The Monuments Men-A Movie Review

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Jun 042014
 
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We watched this from Redbox on May 24.

Yet another movie I was really looking forward to seeing, but was disappointed. It wasn’t terrible, but it was like an attempt at a noble documentary. I think it would have been better as a documentary.

As far as the storyline, I had no idea that Hitler amassed such a monumental collection of the world’s masterpieces while conquering Europe. When I initially saw the trailer for the movie, I thought it would be an interesting flick of war intrigue. To my horror, about half way through I kept fiddling with the stop button on my TV wanting to escape.

I cannot put my finger on any one thing as to why this movie doesn’t work. Since George Clooney and Matt Damon star in the film, maybe I was hoping for a WWII version of Oceans 11 where the gang steals back valuable artwork from the bad guys. All the actors are people who’s work I enjoy. These are great actors, but mediocre performances, likely because the screenplay just didn’t give anyone any great scenes. But that could be cause the work itself, while vitally important, just wasn’t that exciting. Continue reading »

Philomena-A Movie Review

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Jun 032014
 
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We watched this from Redbox on April 21

Both me and Lay thoroughly enjoyed this movie. It was certainly very sad, and I must admit, it made me angry, but it was a good story well told. You definitely need to watch this movie.

Judi Dench plays Philomena, and although we are used to seeing her in more commanding regal roles or as James Bonds no-nonsense boss ‘M’, don’t be fooled, this is her most complex role to date and her performance is nothing short of sensational and worthy of an Academy award.

The film begins with a series of flashbacks, interlaced with close ups of Dench’s aging facial features. Each wrinkle adjusts slowly each time Philomena relives an emotion, It’s through these scenes that we get a glimpse of Philomena’s pain and it is as strong now as it was all those years ago.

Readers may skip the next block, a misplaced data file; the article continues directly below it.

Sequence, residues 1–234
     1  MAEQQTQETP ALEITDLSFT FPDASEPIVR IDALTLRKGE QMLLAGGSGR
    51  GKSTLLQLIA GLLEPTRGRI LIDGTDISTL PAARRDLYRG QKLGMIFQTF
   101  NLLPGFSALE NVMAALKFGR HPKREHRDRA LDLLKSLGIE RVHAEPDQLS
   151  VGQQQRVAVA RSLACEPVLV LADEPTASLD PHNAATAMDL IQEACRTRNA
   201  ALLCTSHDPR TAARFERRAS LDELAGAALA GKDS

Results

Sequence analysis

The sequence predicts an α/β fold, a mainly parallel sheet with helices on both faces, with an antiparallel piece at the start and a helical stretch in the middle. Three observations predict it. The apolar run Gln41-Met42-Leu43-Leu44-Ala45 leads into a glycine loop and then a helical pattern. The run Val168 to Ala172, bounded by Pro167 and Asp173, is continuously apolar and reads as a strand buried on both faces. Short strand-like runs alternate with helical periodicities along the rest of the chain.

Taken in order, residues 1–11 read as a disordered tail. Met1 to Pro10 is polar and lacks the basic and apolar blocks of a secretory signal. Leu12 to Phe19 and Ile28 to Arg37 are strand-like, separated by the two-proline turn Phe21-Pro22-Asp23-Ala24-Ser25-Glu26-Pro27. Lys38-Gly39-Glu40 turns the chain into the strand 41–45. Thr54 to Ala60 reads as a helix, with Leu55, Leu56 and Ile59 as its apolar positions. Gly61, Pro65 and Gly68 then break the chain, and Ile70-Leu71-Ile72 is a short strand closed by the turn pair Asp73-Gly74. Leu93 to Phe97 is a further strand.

In the flashbacks, Sophie Kennedy-Clark plays the heavily pregnant young Philomena who is abandoned by her family at Sean Ross Abbey. The nuns are obstructive and damn right mean “you are the cause of your shame. You and your own indecency” lectures mother superior, before reluctantly admitting Philomena into their care. Furthermore they refuse any pain relief when Philomena goes into a labour “The pain is her penance, It will help absolve her of her sin”.

Worse yet – the convent sells the children to wealthy Americans looking to adopt, and after four years of being forced to work in the convent laundry Philomena is helpless as she watches her Anthony being removed from the convent by an American couple.

After 50 years of keeping quiet about Anthony, the anniversary of his birth causes Philomena to speak up and share her story. “I’d like to know what he thought of me”, explains Philomena to reporter Martin Sixsmith “I’ve thought about him every day.” Martin Sixsmith is played Steve Coogan (who also co-wrote the screenplay), He is a well educated former political journalist. Who initially believes human-interest stories are for “vulnerable, weak-minded, ignorant people”. Nevertheless Sixsmith at his own crossroads can’t ignore the potential in this story and invests in the operation of tracking down Philomena’s boy.

Coogan and Dench’s on-screen chemistry is undeniably charming, Coogan is a well known British funny-man, last seen in one of this years best comedies ‘Alan Partridge: Alpha Papa’ but in this role he takes a comedic backseat to Dench who provides most of the best chuckles and Coogan gives the film the thoughtful and serious balance that is needed.

1 Star2 Stars3 Stars4 Stars5 Stars6 Stars7 Stars8 Stars9 Stars10 Stars (1 votes, average: 9.00 out of 10)
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The ‘road trip’ Philomena and Martin take is full of amusing exchanges with Philomena having a healthy frankness when it comes to discussing sexuality and her constant marveling at the first class lifestyle she’s experiencing. It is Martin who has to keep Philomena motivated with the task at hand when she gets side-tracked by the possibility of renting something called “Big Momma’s House” from the comfort of their hotel room.

As with most journeys, you need to come a full circle to get the perspective you’re looking for and Martin (And the film itself) does just that. After traveling to the United States we return back to Ireland to the Sean Ross Abbey and it is here where we find our answers.